Does Walmart’s Express Delivery Deliver on Its 2-Hour Claim? [Video]
The Walmart Express has come to town.
Just last week, the nation’s largest retailer flipped the switch on an aggressive expansion of its new 2-hour delivery service, Walmart Express Delivery. In one fell swoop, the retailer went from offering 2-hour delivery through just 100 pilot stores to offering it through as many as 2,000 stores nationwide.
According to Janey Whiteside, chief customer officer at Walmart, the move is in direct response to the coronavirus outbreak and its impact on shopping habits.
“We know our customers’ lives have changed during this pandemic, and so has the way they shop,” she said. “COVID-19 has prompted us to launch Express Delivery even faster so that we’re here for our customers today and in the future.”
Some industry onlookers have interpreted Walmart Express Delivery as an answer to Amazon’s 2-hour Prime Now delivery service.
Of course, 2-hour delivery—not just same-day delivery—across thousands of stores and a massive 160,000 items isn’t business as usual for Walmart.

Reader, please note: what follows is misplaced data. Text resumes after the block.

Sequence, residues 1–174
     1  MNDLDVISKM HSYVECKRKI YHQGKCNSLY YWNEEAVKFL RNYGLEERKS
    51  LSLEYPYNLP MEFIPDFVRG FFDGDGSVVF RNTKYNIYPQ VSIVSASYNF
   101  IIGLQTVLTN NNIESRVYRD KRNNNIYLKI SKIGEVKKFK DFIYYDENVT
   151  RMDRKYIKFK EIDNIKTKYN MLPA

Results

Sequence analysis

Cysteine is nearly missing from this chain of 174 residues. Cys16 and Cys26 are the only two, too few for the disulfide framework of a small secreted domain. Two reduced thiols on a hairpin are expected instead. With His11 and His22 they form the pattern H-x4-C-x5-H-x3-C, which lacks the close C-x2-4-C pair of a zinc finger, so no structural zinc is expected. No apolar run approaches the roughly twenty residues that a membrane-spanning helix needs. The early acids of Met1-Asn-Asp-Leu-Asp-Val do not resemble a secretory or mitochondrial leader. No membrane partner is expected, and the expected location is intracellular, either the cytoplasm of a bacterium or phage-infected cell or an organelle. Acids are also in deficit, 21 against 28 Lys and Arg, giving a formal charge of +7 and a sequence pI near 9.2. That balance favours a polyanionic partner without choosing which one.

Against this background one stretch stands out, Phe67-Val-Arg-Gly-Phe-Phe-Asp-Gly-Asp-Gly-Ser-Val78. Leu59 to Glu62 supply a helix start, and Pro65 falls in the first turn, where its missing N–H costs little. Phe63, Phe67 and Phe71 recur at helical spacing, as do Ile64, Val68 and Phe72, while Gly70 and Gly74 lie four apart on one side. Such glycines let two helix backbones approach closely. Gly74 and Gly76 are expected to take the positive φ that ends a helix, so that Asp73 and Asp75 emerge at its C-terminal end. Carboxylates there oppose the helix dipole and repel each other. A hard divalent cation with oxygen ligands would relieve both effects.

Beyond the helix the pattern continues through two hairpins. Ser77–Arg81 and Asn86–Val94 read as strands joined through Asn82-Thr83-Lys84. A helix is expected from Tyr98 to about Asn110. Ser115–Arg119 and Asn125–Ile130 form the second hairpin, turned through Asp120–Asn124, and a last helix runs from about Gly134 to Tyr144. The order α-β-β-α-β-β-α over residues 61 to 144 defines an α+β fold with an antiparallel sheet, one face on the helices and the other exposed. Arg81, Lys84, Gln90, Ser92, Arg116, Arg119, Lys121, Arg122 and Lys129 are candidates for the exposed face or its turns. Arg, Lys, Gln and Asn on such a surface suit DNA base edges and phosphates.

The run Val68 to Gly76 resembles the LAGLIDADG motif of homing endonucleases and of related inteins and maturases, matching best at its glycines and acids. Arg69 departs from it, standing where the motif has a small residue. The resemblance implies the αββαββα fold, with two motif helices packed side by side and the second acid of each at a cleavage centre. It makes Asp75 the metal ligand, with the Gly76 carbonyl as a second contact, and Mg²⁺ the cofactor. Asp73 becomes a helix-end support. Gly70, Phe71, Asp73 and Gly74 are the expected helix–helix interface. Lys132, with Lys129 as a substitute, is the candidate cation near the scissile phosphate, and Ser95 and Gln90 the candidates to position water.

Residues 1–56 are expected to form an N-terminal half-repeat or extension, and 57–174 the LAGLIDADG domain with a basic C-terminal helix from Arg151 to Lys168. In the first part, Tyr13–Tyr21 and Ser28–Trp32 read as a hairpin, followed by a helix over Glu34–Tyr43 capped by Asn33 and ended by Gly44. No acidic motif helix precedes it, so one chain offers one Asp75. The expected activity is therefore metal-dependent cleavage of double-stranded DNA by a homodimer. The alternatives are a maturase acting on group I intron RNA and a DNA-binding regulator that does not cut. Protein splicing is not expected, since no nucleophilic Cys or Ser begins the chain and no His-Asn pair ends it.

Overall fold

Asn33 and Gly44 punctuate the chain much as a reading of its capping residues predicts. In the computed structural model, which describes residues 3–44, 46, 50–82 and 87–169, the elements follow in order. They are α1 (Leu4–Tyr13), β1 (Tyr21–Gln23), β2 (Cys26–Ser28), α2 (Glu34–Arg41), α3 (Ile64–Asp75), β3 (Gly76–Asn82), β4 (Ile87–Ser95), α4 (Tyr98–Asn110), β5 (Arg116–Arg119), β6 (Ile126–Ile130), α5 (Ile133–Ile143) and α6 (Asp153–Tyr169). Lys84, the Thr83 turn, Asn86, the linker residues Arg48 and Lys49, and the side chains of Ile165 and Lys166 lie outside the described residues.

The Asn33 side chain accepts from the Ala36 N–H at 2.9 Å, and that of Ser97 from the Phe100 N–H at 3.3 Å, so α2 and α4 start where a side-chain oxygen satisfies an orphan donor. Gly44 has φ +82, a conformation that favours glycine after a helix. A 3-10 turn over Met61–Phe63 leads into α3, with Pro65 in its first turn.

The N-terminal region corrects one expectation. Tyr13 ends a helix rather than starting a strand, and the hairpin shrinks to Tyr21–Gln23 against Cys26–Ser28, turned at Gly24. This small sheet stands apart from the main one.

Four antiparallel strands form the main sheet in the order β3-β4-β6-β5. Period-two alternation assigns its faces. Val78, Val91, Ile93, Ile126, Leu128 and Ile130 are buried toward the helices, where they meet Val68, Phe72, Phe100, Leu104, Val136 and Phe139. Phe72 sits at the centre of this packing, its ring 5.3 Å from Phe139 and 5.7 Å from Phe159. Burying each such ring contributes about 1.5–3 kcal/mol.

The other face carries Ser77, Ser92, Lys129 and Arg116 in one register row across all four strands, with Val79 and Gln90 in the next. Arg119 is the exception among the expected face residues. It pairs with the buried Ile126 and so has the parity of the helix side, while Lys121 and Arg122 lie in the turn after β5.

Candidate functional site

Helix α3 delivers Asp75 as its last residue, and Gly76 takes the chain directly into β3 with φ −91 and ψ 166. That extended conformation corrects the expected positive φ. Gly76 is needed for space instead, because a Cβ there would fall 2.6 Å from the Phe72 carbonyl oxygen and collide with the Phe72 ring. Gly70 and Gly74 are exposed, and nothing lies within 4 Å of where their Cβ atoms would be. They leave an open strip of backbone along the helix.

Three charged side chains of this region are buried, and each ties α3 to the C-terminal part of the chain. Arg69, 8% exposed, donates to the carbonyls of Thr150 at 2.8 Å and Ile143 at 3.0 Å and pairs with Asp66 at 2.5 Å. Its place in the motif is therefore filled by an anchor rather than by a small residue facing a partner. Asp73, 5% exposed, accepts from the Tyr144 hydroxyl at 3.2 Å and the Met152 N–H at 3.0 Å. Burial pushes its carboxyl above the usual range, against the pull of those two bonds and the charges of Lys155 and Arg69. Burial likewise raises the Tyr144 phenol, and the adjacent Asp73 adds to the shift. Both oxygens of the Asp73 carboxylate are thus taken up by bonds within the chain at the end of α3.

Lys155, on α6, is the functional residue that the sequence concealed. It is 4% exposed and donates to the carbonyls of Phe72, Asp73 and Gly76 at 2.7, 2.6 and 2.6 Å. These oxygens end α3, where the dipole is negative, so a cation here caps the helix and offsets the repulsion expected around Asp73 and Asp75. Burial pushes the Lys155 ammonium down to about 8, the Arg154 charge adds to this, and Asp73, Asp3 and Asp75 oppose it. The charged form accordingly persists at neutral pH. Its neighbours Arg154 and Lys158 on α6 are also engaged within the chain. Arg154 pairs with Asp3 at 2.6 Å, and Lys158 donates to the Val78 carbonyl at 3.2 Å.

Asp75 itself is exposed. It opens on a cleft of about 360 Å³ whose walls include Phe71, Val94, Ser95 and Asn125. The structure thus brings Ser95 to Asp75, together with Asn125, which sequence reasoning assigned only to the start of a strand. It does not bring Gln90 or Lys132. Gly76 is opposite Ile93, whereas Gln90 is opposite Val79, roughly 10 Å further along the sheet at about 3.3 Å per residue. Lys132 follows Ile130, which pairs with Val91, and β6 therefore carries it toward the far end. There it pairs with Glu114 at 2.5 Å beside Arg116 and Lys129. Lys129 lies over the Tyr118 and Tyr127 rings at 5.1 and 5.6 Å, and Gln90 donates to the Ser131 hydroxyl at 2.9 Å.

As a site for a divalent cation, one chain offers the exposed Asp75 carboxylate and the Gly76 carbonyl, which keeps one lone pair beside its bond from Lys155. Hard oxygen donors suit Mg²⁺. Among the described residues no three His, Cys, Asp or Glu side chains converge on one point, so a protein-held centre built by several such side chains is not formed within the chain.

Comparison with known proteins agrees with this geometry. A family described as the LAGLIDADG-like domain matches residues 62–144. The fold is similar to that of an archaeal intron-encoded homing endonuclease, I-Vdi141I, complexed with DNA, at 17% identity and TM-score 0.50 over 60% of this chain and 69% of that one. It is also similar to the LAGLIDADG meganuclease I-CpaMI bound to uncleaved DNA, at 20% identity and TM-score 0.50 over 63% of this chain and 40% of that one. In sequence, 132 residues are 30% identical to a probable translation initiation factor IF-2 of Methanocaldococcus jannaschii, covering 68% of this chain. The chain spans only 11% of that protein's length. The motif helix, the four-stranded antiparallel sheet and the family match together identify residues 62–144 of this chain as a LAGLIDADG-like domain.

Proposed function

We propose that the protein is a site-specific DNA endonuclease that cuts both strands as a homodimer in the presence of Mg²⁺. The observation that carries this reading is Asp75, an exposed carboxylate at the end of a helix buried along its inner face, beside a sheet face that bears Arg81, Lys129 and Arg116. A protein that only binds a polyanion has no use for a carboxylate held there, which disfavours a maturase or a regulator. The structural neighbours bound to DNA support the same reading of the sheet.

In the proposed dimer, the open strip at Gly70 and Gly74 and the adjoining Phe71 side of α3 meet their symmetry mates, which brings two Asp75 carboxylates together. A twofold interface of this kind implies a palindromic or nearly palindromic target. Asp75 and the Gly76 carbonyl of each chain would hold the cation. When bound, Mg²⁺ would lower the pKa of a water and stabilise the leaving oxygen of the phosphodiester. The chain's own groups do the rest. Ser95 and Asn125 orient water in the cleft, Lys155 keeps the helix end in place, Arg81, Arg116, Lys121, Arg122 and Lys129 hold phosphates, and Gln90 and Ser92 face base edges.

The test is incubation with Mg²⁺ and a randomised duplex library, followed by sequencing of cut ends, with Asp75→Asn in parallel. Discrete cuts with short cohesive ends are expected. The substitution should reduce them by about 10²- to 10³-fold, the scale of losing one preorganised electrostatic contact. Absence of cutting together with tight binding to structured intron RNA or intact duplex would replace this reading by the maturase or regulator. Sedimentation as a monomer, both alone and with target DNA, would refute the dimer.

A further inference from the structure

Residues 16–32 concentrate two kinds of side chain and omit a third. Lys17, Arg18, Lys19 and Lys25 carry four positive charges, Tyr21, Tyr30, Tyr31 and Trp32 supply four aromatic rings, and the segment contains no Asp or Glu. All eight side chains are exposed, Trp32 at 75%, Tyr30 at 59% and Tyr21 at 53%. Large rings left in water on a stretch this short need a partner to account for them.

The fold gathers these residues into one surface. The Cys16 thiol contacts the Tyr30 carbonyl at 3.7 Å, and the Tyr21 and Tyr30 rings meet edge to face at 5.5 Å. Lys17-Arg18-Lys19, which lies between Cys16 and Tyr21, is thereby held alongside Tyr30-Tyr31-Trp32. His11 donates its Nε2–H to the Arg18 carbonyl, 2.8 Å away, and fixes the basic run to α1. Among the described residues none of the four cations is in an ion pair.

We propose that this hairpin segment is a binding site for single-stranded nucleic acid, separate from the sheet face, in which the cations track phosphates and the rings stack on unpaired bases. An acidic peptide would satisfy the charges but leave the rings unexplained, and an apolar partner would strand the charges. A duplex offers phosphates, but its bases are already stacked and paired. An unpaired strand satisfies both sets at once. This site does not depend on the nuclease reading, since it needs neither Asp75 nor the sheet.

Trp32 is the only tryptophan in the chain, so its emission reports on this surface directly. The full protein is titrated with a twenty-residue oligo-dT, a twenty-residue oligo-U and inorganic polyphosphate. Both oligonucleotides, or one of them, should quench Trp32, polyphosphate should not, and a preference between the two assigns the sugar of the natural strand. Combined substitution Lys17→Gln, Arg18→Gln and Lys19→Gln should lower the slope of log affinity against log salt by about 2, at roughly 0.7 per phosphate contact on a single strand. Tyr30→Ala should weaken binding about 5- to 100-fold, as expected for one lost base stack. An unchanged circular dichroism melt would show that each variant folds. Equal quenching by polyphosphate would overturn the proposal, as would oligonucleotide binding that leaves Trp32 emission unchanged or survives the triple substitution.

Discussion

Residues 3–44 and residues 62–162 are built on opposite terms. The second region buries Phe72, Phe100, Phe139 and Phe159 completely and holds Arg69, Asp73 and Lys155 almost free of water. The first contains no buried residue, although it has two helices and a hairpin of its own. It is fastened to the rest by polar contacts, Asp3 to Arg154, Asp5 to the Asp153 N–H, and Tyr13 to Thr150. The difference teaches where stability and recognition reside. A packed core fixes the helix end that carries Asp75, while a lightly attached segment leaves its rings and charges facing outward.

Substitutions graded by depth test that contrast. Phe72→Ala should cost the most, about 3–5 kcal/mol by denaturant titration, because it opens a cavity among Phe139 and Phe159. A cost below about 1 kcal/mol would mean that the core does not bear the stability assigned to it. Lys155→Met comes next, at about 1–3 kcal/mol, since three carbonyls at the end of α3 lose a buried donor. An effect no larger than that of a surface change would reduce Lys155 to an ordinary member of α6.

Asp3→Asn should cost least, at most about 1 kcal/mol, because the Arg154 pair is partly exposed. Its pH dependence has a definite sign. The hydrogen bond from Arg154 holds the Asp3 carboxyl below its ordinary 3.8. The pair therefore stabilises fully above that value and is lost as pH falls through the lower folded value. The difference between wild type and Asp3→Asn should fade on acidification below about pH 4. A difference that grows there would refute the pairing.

Express Delivery is an ambitious undertaking, one that raises some questions:
- Is Walmart delivering on its 2-hour delivery promise?
- Are customers receiving their purchases in good condition?
- Do users consider the service a good value?
- And, in general, what does Express Delivery look like from the customer’s all-important perspective?
Time for some answers.
The Customer Experience: Walmart Express Delivery
Through the Field Agent on-demand platform, Endcaps & Insights enlisted 19 agents over the last several days to purchase at least $30 worth of groceries and/or household consumables through the Walmart app or website for “express” delivery to their homes.
We asked agents to capture video, photos, and screenshots of the shopping-and-delivery process, and to answer several questions about the experience.
The video below offers an up-close look at Walmart Express Delivery, from the customer’s unique point-of-view.
Scroll down for even more images from this user-experience study and for answers to several pressing questions about Walmart Express Delivery.
Q&A: Walmart Express Delivery Through the Customer’s Eyes
After receiving their orders via Walmart Express, we asked agents several questions about their experience with the new delivery service.
We share the results below as a five-question Q&A.
1. What did users think about the online/in-app shopping experience?
Agents were positive about the online shopping process and experience through the Walmart app or website.